All of this leads me to invent my own view of humanity and divinity, that a singularity explodes with a bang, a universe inflates, atoms cohere, photons speed, galaxies circle, rock forms, life evolves, plants thrive, and finally, we arrive on earth, only yesterday in cosmic time, live awhile, and then do God the honor of inventing Him into creation. Or put simply: We’re not quite stupid enough to think we created ourselves, out of whole cloth, so we invent God for our comfort, protection, and related uses, to see us through our days and make a claim, totally unwarranted of course, for immortality.

Man and God are intertwined, complementary aspects of each other. But we—stealing a word from a recent President of the United States—are the deciders (or the determinators). As we grow into a definite kind of person and adopt a system of beliefs, we invent the kind of God our beliefs predict and our efforts deserve and require. Thankful people invent a God to thank. Aggressive people invent a God to carry the banner of war. Despairing people invent a God of comfort. Angry people invent a God of retribution. Fearful people create a divine protector.

Aristotle taught that happiness, eudaemonia, is a spiritual reward for living a life fit for a human being. Happiness, an emotional and spiritual mood, comes over us unexpectedly, taking us by delightful surprise, like a wave, or a gentle breeze. Something close to Joy overtakes us when we’re doing worthwhile and good things. The finest Gods are invented and liberated into the world when people find themselves and dwell in such a divine mood.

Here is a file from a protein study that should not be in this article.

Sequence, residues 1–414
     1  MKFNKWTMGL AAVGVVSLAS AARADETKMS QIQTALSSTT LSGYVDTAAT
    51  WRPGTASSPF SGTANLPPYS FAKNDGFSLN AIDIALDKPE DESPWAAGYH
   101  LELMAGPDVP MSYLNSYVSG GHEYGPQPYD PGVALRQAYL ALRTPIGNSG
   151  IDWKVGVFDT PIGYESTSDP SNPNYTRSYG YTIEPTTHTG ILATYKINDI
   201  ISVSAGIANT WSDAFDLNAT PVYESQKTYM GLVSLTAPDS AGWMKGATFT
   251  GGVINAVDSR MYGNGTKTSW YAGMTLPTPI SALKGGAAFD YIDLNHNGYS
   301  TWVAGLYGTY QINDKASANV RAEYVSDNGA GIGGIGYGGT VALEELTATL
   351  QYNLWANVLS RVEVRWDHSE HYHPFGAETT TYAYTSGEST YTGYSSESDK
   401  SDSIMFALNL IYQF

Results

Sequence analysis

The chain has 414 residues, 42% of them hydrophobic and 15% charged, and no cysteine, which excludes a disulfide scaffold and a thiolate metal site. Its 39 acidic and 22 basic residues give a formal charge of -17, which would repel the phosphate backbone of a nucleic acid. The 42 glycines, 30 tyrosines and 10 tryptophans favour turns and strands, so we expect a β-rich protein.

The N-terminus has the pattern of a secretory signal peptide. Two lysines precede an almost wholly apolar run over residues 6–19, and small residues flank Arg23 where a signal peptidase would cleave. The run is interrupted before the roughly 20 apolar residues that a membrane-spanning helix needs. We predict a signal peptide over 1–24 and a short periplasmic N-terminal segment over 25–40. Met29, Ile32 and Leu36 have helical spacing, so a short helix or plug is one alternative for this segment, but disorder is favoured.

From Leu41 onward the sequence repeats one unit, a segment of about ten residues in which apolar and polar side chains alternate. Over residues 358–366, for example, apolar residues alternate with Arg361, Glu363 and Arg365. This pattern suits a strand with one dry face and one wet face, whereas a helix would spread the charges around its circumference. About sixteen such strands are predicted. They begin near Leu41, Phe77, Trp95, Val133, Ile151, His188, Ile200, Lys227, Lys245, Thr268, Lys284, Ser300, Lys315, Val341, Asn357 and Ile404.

Humans conjure, for better or worse, the God their rich and miserable lives need and require. In the long run, this bodes well for the future of divinity. If life endures on earth, humanity may eventually get living right, and God could assume a more humane dominion. In the meantime, mankind may have to put up with many a devilish idea and endless boatloads of clever dervishes.

For my part, and in the interim until finer divinity appears, the picture of the beautiful, quietly perfect, Campion plant with its elegant white flowers, recently reborn from long ago, fills me with happiness, wonder, and joy. What could be finer spiritually than that lovely flower? Nature, seen up close and seen in fine focus from afar, is beautiful, and, I find, spiritually fulfilling. If your religious life temporarily resides in the Stone Age, you may claim in justice that your God rocks! But look here, stop, and meditate on this amazing Campion. Is it not apparent? Divinity flourishes!

Will Callender, Jr. ©

June 21, 2012